Primo Toys have created a toy that could teach 3-year-old kids to code before they can read. By combining Montessori learning principles with computer programming concepts, Primo Toys created Cubetto, a wooden robot that needs to be told how to get home.
The little wooden robot comes with a Board or command line that would be used to send instructions to Cubetto. Using blocks, the child sets up the main sequence (A), a subroutine (B), and a Go button (C).
“Our blocks are a new, procedural programming language. Much like LOGO was back in the 70's, except you can touch it! Each block is a specific and unambiguous instruction, easy to recognise and combine into a meaningful sequence,” reads the toy’s campaign page.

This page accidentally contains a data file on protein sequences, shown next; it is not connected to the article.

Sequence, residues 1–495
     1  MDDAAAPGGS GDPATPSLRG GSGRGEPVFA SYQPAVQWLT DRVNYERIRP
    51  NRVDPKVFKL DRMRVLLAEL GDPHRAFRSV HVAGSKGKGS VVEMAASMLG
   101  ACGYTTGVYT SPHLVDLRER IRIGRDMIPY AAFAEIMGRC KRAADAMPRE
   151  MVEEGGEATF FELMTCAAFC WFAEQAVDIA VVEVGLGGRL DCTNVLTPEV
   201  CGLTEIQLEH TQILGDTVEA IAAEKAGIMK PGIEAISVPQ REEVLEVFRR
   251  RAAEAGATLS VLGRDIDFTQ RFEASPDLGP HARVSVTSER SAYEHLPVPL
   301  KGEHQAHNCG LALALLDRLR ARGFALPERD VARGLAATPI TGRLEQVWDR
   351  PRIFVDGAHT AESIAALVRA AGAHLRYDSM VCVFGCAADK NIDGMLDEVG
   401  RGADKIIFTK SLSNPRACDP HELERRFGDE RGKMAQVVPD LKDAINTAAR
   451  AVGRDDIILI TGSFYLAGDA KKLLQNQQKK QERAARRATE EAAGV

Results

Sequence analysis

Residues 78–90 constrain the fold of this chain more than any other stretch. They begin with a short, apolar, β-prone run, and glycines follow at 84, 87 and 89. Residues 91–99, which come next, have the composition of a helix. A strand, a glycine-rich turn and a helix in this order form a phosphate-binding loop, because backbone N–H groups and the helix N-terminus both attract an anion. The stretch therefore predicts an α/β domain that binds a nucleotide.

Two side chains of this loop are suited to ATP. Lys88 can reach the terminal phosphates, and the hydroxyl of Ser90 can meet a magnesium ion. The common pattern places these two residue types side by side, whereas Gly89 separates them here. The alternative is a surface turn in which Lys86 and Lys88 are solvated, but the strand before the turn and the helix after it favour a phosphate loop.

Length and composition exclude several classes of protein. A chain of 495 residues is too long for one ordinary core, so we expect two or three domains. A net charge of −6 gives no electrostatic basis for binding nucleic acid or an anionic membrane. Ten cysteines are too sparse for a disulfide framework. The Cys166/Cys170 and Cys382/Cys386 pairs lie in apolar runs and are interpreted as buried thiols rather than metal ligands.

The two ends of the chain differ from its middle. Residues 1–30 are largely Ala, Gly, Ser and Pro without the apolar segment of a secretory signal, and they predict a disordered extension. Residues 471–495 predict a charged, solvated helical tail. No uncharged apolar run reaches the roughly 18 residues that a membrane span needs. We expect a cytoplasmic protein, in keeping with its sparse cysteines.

Cubetto’s blocks are a physical representation of an unambiguous instruction or code that children can touch. It encourages computational thinking, which is about breaking down tasks into a logical sequence of steps to reach an objective.
Kids can make up to 50 million sequences with the blocks and the entire system was designed to appeal to both boys and girls. “We’ve designed it based on two universal symbols that are the same for all genders and cultures: A cube and a smile,” says Primo Toys.
It is also designed to accommodate the visually impaired: “Cubetto works with shapes, movement and sound. Turning code into something you can touch is changing the way non-sighted, partially sighted and sighted children can now learn the basics of computational thinking in the same setting.”